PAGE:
Amoebas Act as Trojan Horses for Salmonella
Salmonella is actually a group of bacteria. This one is called Salmonella arizonae.
Credit: CDC
Salmonella are microscopic living bacteria that can contaminate almost any food type, causing diarrhea, abdominal pain and fever. Scientists know the bacteria have evolved unique mechanisms to prevent the body's immune system from functioning effectively, but until now it was not understood how it survives so successfully in the environment.

Scientists said today they've learned that Salmonella get inside amoebas — single-celled organisms common on land and in water — and protect themselves with a secretion system.

The research suggests that amoebas may be a major source of Salmonella within the environment and could play a significant role in transmission of infection to man and animals.

Salmonella uses a system, called SP12 type III, which acts as a bacterial machine inside organisms and causes disease in humans, animals and plants. The system employs a syringe-like mechanism to inject bacteria into cells that would normally release compounds to rid the body of harmful substances. This system changes the structure of the cell and prevents these compounds from coming into contact with pathogens and destroying them.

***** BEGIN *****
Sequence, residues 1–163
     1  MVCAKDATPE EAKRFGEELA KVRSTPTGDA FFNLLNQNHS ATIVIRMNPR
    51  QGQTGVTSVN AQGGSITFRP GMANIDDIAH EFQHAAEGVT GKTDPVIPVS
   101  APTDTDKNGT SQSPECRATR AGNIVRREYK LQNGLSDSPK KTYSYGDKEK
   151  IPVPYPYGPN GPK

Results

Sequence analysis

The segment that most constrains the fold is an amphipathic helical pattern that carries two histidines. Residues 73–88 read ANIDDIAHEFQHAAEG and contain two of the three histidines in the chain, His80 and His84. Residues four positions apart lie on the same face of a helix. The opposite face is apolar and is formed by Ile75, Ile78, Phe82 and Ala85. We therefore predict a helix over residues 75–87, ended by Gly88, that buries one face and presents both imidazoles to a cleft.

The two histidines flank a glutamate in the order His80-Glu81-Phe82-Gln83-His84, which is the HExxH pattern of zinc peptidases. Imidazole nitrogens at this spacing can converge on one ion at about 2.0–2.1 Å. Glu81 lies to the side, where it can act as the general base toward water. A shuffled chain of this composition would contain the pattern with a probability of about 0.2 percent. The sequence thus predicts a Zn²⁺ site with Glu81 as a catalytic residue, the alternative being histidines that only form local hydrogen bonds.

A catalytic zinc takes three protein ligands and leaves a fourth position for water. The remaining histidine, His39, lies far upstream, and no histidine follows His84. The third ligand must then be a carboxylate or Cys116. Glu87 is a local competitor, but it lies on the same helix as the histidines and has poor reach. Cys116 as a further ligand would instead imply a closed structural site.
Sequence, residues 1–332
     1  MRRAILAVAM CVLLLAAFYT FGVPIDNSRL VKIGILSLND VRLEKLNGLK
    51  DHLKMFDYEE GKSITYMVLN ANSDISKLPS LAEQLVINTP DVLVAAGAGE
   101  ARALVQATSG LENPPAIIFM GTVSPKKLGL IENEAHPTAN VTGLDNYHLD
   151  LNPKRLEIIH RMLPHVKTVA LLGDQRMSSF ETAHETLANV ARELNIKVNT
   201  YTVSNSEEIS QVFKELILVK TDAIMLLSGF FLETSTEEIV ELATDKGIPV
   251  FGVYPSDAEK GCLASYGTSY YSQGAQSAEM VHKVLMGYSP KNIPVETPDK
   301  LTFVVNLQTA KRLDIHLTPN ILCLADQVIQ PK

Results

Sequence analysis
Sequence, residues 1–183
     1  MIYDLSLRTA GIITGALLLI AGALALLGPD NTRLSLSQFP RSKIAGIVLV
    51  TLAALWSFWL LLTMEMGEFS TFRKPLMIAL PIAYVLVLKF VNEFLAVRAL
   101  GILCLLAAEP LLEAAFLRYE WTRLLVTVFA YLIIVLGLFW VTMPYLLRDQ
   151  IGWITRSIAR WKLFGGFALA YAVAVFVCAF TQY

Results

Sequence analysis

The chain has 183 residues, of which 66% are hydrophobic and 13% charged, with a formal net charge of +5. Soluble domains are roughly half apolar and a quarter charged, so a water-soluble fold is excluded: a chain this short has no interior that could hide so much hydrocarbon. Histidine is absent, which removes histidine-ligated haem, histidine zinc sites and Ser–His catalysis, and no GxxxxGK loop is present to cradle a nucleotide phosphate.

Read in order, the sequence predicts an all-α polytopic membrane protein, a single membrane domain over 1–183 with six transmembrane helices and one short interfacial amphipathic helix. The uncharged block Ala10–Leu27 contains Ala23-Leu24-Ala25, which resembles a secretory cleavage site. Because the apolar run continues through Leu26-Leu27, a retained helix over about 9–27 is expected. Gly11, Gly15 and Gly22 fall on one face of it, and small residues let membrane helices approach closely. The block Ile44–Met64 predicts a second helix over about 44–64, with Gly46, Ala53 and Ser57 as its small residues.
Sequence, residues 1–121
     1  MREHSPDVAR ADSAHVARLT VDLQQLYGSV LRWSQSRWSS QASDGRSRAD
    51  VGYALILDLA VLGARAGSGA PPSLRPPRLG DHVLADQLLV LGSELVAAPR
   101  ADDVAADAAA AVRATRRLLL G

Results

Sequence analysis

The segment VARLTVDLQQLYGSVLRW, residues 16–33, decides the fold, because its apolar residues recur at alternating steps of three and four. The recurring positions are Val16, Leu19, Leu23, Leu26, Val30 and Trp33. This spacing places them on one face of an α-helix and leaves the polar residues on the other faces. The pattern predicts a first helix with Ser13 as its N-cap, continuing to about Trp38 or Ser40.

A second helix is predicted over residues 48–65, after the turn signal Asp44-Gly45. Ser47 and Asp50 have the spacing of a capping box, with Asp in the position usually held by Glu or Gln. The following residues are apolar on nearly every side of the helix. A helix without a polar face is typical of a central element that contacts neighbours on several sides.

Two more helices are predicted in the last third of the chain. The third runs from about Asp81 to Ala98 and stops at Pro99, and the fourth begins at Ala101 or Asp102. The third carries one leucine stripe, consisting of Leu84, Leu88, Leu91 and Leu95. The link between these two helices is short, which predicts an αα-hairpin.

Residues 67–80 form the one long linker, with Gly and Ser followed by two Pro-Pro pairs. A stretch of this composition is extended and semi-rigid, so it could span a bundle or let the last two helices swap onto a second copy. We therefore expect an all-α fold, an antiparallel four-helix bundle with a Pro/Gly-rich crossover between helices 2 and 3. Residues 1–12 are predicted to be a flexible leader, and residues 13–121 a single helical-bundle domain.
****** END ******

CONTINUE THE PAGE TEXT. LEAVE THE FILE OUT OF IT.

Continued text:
The work was done at the University of Liverpool, in collaboration with the Institute for Animal Health.

"Salmonella has managed to survive extremely successfully in the environment, finding its way into our food and causing illness, despite the body's best efforts to fight it off," explained Paul Wigley, from the National Centre for Zoonosis Research and the University of Liverpool. "We found that it uses a system which operates in the human immune system as well as inside amoeba living in the environment."

This system essentially protects Salmonella within cellular compartments, called phagosomes, where it can survive and multiply.

"Its ability to survive in amoeba is a huge advantage to its continued development as it may be more resistant to disinfectants and water treatment," Wigley said. "This means that we need to work to understand ways of controlling amoeba in water supplied to animals and prevent it acting as a 'Trojan Horse' for Salmonella and other pathogens."

The research, done in the UK and supported by the Society for Applied Microbiology, the Department for Environment, Food and Rural Affairs (DEFRA), and the Higher Education Funding Council for England (HEFCE), is published in the journal Applied and Environmental Microbiology.